The Electric Power Research Institute rolled out its National Electrification Assessment in April. "The study finds that economy-wide electrification leads to a reduction in energy consumption, spurs steady growth in electric load, and reduces greenhouse gas emissions." If you weren't there, that's ok; we were:
EPRI CEO Mike Howard: Our team has spent decades building this truly sophisticated model. But it's also built on decades of work and really trying to understand the value of electro-technologies. We have labs where we test the devices, we work with other companies that really understand, not only just the value, but what makes these technologies work.
Whether that's electric vehicles, or energy storage, or heat pumps, or air and water, induction cooking, or infrared drying. All of these various technologies, we test them, we understand what makes them work. We're trying to accelerate the technology, so that it's commercially available for society.
Geoff Blanford of EPRI: By fuel, natural gas is actually rising. Electricity is rising. And final energy is falling. Total economic growth is proceeding, but final energy is falling.
Partly that's due to structural change. Partly that's due to efficiency improvements, and again, these are faster improvements than what the AEO [Energy Information Administration's Annual Energy Outlook] had assumed. The rest is due to electrification. So, final energy decreases, while electricity increases. That's because electricity is more efficient at the end use almost everywhere that it makes sense to use it.
If we blow up the electricity part, this is what is happening to electricity demand if we don't take into account the effects of electrification. Those are actually flat, or slightly declining. These are our sort of conventional uses of electricity.
Service demand is offset by efficiency gains. If we include the piece that's electrification, and this is broken out by sector, this is the growth in electricity demand driven by electrification.
It's mainly vehicles. Most of the additional kilowatt-hours are coming from electrification of transport. This represents about seventy-five percent of service demand in passenger vehicles, and about forty percent of service demand in heavy-duty service transport.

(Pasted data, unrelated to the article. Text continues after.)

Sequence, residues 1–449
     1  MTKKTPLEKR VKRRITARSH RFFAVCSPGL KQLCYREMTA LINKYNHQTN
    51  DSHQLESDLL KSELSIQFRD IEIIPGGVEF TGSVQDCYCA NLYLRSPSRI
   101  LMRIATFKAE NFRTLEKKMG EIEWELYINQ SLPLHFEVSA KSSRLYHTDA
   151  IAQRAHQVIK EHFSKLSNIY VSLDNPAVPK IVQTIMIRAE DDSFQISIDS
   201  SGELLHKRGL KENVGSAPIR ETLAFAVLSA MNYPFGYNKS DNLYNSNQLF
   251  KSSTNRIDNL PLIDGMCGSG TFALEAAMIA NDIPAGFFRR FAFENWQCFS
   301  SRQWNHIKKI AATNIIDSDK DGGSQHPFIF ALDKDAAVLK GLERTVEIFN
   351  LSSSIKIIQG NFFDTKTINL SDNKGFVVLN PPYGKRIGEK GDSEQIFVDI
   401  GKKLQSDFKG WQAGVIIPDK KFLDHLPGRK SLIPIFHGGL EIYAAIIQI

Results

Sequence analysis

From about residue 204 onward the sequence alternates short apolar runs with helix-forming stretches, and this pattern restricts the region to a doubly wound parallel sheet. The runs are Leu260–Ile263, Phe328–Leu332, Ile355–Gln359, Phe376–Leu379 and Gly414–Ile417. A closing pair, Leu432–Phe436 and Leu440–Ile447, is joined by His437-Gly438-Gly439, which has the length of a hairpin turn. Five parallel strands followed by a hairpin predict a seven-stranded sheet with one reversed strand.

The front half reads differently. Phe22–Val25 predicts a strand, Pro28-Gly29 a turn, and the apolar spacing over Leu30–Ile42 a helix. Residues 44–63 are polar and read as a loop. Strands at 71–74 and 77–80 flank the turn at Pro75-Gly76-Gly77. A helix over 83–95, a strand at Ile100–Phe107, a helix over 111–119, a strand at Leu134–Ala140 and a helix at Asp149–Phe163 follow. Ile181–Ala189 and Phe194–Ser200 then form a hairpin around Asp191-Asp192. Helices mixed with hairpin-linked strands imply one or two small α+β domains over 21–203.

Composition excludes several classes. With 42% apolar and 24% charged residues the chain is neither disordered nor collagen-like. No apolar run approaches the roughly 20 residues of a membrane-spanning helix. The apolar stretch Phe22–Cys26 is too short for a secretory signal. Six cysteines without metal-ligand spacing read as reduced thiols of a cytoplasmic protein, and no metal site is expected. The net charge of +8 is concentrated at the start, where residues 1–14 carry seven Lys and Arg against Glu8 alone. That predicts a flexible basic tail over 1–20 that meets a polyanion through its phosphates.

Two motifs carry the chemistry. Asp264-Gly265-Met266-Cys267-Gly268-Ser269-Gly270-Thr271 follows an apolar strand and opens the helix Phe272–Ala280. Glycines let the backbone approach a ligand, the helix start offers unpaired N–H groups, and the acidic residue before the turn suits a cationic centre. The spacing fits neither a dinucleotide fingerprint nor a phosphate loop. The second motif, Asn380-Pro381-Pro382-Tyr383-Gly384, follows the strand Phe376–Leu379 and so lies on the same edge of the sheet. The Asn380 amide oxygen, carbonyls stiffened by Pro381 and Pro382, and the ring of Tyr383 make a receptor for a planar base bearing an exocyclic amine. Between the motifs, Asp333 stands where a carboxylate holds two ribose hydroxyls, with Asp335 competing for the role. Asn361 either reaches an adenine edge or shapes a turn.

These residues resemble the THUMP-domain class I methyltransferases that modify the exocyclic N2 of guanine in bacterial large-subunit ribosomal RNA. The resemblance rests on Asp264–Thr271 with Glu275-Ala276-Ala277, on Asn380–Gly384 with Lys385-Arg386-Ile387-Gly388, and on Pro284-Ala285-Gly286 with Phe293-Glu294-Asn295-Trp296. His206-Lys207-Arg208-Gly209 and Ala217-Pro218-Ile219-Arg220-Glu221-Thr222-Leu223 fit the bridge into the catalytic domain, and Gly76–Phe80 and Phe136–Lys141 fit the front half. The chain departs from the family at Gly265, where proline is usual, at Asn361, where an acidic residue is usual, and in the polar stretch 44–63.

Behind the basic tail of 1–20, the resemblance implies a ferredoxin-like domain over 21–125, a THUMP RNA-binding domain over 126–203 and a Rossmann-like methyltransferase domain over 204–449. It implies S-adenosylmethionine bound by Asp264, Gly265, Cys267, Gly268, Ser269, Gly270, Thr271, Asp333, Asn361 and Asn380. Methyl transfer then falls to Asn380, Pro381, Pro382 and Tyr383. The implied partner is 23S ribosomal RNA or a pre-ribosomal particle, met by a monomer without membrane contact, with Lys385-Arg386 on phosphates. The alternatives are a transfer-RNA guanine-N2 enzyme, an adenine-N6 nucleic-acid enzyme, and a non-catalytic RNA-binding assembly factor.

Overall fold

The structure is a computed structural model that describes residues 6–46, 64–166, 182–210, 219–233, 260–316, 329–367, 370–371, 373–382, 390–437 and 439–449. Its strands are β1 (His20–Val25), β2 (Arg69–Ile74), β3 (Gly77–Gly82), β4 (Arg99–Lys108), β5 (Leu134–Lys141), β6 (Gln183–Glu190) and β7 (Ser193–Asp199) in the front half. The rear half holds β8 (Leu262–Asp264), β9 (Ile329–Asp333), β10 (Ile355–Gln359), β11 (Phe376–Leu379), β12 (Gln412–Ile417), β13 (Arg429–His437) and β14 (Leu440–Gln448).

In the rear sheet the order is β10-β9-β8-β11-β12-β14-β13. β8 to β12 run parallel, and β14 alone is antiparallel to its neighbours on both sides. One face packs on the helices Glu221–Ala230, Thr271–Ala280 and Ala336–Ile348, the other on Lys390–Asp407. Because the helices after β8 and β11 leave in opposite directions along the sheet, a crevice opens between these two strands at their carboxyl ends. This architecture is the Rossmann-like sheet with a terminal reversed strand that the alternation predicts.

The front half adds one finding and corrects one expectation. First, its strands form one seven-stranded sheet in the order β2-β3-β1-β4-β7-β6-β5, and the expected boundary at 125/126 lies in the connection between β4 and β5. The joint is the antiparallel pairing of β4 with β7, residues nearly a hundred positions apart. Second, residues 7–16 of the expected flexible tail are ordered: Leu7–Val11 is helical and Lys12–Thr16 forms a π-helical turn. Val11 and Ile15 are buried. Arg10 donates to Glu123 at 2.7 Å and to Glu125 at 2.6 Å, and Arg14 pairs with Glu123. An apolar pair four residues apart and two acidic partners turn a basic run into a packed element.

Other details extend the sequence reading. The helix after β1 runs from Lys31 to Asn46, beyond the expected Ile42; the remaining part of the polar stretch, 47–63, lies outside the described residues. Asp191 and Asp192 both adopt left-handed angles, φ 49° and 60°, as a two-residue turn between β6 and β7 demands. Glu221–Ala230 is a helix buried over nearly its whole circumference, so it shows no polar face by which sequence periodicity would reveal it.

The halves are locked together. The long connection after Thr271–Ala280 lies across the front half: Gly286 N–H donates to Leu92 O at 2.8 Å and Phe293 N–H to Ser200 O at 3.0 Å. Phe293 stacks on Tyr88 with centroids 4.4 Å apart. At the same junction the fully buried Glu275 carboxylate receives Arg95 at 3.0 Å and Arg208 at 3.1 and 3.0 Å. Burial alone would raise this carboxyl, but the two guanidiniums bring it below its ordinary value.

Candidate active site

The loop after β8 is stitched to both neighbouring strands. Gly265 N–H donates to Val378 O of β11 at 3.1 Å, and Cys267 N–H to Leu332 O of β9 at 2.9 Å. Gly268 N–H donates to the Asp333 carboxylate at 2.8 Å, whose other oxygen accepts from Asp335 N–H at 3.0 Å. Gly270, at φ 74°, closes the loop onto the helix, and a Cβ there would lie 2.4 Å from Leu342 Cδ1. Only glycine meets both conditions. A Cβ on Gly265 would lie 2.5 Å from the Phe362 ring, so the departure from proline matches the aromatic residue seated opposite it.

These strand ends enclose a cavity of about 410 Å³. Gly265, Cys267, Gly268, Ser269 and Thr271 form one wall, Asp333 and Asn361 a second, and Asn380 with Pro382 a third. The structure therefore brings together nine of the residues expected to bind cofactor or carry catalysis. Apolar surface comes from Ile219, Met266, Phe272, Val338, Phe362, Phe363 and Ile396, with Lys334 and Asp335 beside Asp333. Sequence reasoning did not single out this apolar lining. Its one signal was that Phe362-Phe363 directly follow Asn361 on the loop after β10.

That's a lot of electrification of transportation in the reference case. And it's driving an increase in electric load.
Allen Dennis of EPRI: An example is induction cooking. If you cook with gas, typically sixty to sixty-five percent of all the energy goes right up the side of the pan. If you're in a restaurant, or if you're in a home, you have to air-condition that level, or condition that level quite often.
A lot of times, chefs won't use induction. Or won't use electric because the old coil burners, they don't shut off very quickly. So, you have heat that's retained in the coil that will overcook the food.
In induction, the variability is phenomenal. You can get it incrementally far better than natural gas. And you don't have the energy loss. However, most folks think, "I'm not a true foodie unless I have my five-foot long Viking Range with my mounted hood over the top."
Panasonic just came out with an induction heat top, a cooker, that you can use any pan on. You don't need a special pan now for induction.
But there's a whole mental aspect here, of not only individuals, but chefs on a technology that actually has more controllability. You look at that perspective, and you say, "Ok, look at food service." And food service industry, it's amazing what's happening there.
The automation in fast food. There's equipment out there that will have a frozen patty that will drop onto a belt, cook, verify temperatures for health safety issues, go to a condiment area, put condiments on, and deliver it to the front of the restaurant. Humans never touch it.
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